The Business Roundtable, a non-profit whose membership is comprised of chief executive officers of major American companies, released a statement this week declaring that its members would no longer place shareholder’s interests above those of their employees, customers or society at large.
General Motors CEO Mary Barra, along with Ford CEO Jim Hackett and the CEOs of six of the world’s largest banks, were among those who signed the statement.
“While each of our individual companies serves its own corporate purpose, we share a fundamental commitment to all of our stakeholders,” the Business Roundtable said in the statement released this week. “Americans deserve an economy that allows each person to succeed through hard work and creativity and to lead a life of meaning and dignity.”
The corporate governance principles of the Business Roundtable formerly indicated that the sole purpose of a corporation was to serve its shareholders but it now says that “the new Statement supersedes previous statements and outlines a modern standard for corporate responsibility.”
Experts aren’t buying it, however. The Los Angeles Times talked to Chris Osgood, a propaganda expert and history professor at Colorado School of Mines, who said that it “seems pretty obvious that CEOs are trying to head off growing public pressure on a number of fronts,” with this statement, such as rising executive compensation.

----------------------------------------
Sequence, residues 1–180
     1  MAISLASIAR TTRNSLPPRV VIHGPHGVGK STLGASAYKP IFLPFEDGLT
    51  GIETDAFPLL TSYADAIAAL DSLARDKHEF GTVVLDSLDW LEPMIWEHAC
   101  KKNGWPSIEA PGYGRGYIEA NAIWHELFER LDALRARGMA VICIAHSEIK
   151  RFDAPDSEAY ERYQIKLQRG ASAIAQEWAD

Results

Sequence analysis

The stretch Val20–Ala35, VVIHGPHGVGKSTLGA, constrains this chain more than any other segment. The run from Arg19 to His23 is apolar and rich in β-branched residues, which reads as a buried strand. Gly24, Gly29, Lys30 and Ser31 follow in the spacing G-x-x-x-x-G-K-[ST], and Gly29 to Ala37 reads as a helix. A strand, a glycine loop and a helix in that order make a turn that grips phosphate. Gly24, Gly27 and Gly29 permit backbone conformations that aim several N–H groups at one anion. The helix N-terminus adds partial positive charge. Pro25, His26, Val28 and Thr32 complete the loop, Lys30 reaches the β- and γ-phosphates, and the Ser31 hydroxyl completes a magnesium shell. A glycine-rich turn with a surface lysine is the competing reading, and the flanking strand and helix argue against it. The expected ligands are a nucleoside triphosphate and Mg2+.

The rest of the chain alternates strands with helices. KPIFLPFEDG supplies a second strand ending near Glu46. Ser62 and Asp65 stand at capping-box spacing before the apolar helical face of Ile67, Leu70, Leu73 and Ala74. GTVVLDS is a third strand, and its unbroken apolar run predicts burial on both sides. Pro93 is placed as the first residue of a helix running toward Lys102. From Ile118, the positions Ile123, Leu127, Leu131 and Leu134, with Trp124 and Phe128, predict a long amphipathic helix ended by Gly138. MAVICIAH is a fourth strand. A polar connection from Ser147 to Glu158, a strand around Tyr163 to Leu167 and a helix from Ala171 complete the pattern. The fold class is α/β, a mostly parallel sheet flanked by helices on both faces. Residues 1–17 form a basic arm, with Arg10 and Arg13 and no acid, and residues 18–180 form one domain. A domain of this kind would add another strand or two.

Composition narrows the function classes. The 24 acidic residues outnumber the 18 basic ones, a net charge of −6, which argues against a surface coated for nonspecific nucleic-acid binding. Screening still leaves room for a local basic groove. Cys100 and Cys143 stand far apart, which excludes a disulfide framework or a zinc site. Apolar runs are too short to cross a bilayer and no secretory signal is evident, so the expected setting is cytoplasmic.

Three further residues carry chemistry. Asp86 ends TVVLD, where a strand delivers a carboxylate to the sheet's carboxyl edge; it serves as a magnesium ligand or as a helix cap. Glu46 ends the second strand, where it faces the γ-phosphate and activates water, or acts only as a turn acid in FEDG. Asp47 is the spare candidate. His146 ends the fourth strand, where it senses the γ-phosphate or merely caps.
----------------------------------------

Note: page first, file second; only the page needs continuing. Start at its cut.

Another propaganda expert, Nicholas J. Cull, professor of public diplomacy at USC, said the Business Roundtable’s statement seems to suggest that “the business community is expecting blowback from their policies,” and they are now trying to get ahead of it.
A study conducted by the Economic Policy Institute released earlier this year indicated that compensation for America’s top CEOs increased 940% between 1978 and 2018, while the average worker salary rose 12% over the same 40-year period. Wage growth of very high earners in that period rose about 339.2% during that time.
“Exorbitant CEO pay is a major contributor to rising inequality that we could safely do away with” the EPI said in a statement. “CEOs are getting more because of their power to set pay, not because they are increasing productivity or possess specific, high-demand skills. This escalation of CEO compensation, and of executive compensation more generally, has fueled the growth of top 1.0% and top 0.1% incomes, leaving less of the fruits of economic growth for ordinary workers and widening the gap between very high earners and the bottom 90%. The economy would suffer no harm if CEOs were paid less (or taxed more).”
One business expert that spoke to The Los Angeles Times said there may be some sincerity in The Business Roundtable’s letter, though, saying that having such a statement on record can help shape the way the company is run going forward.
“This is how you shape corporate culture,” UCLA law professor Adam Winkler told the newspaper. “I think there is a measure of sincerity here.”